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This syndicated post originally appeared at Zeus Kerravala's blog.

Cloud has obviously become one of the biggest, if not the biggest, topics of conversation in the tech industry today. I’ve done a number of presentations, panels and roundtables on the subject and the big topic of conversation is always security and deployment strategy, which makes sense based on where we are in the evolution of cloud. However, I do think one of the often overlooked topics of investigation is the impact on the network and how to optimize user experience.

Legacy networks are built with a “hub and spoke” design. That is, all branches connect to a single “hub” location from which they receive network-enabled services, including Internet access. So, with the hub and spoke design, all traffic, in effect, “trombones” where it comes into the central location and then back up one of the spokes to a branch office.

While this is inefficient, it was workable since the majority of corporate applications are housed in the data center so the only traffic that is “tromboning” is Internet traffic. With legacy computing architectures, almost all applications are served up from the data center. The explosion in cloud-based applications, on the other hand, has started to dictate that more and more critical applications are being pushed out into the Internet. This means that almost all cloud traffic headed to the branch needs to be routed through the central hub location.

So what does this mean for performance? Well, with legacy applications, WAN optimization is done with a dual-sided solution, meaning one box is placed in the data center and then one is placed at the branch office. These two boxes optimize the application traffic between them. With a cloud-based solution, network managers have no ability to place an appliance in front of the application since it resides in the cloud. This means that any WAN optimization of cloud applications must now function as a single-sided solution, with one device at the edge of the enterprise that can perform the work of a traditional two-box solution.

The good news is that a WAN Optimization solution that supports both traditional symmetric and single-sided optimization for cloud-based traffic actually gives the enterprise a tremendous amount of flexibility with regard to how the WAN is architected. Instead of using the traditional hub and spoke design, branch offices can access the Internet directly, obviating the need to pass through that central location. A company could do this for larger branch offices where it makes sense to put a single-sided WAN optimization solution and then have the smaller branches pass through the hub. Or it might make sense to deploy single-sided WAN Optimization at the smaller branches as well to eliminate the cost of backhaul and other expenses associated with branch deployments. Either way, this would provide the best possible user experience while using the network bandwidth most efficiently.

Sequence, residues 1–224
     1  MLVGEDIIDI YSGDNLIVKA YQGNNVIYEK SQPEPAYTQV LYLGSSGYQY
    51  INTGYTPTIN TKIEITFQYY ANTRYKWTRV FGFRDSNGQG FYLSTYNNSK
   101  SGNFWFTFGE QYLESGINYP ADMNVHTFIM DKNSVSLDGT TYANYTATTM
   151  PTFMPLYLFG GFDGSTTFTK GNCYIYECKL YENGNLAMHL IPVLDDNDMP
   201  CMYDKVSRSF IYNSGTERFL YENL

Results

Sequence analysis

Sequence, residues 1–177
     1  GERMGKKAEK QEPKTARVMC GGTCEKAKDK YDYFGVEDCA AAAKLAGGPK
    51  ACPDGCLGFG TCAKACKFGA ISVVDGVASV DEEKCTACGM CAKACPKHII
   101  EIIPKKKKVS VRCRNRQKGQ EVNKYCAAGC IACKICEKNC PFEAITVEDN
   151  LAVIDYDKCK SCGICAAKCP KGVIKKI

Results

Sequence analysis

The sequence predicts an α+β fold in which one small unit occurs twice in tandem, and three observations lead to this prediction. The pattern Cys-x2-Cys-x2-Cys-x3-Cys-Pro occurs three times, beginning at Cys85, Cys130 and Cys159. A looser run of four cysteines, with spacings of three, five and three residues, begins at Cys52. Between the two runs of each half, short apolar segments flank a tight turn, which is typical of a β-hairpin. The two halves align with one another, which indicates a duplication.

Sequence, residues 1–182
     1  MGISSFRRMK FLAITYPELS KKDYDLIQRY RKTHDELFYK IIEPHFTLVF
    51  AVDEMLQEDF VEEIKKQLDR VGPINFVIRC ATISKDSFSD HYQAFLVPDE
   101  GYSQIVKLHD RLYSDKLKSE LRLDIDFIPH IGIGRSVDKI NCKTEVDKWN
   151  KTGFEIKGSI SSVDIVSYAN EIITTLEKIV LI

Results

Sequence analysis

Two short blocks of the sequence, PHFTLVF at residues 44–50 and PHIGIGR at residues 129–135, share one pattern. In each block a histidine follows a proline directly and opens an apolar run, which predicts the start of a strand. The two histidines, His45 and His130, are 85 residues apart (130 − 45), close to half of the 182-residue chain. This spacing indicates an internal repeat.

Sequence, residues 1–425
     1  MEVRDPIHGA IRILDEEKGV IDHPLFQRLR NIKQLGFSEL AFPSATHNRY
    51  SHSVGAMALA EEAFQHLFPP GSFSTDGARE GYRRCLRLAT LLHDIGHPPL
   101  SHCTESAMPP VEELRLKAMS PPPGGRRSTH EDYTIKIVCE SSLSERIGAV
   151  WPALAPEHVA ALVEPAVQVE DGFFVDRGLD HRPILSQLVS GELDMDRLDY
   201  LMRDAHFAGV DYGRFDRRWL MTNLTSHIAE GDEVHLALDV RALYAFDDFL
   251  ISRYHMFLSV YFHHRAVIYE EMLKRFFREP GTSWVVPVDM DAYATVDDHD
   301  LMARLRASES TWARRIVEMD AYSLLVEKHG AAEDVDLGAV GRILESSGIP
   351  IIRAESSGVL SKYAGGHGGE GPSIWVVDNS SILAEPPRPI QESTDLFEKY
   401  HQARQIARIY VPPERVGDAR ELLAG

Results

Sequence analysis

The other factor that needs to be considered when optimizing cloud applications is, of course, security. There isn’t a survey that I have seen or an interview I’ve done where security isn’t the top concern for anyone considering cloud. There is plenty of security being built in the cloud-based services, but it’s also important to secure the network as well. Filtering out bad data at every ingress point protects the enterprise but also improves performance since all that bad data won’t be passing over the company network any more. One of the best ways to secure the traffic that runs from the cloud to the branch using a single-sided WAN Optimization solution is to route that traffic through a cloud security service that provides the same level of protection as traditional on-premise solutions. Cloud security services like these can scan and protect against threats before they even reach the branch.

Cloud is on the verge of exploding but companies need to ensure they have the right WAN strategies in place before making it the primary application strategy. WAN Optimization solutions that support both traditional symmetric and single-sided optimization, combined with a strong security service, can be a key component in that strategy, eliminating datacenter backhaul and costs and offering a new level of flexibility for the enterprise network.

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Zeus Kerravala

Zeus Kerravala is the founder and principal analyst with ZK Research. Kerravala provides a mix of tactical advice to help his clients in the current business climate and long term strategic advice.
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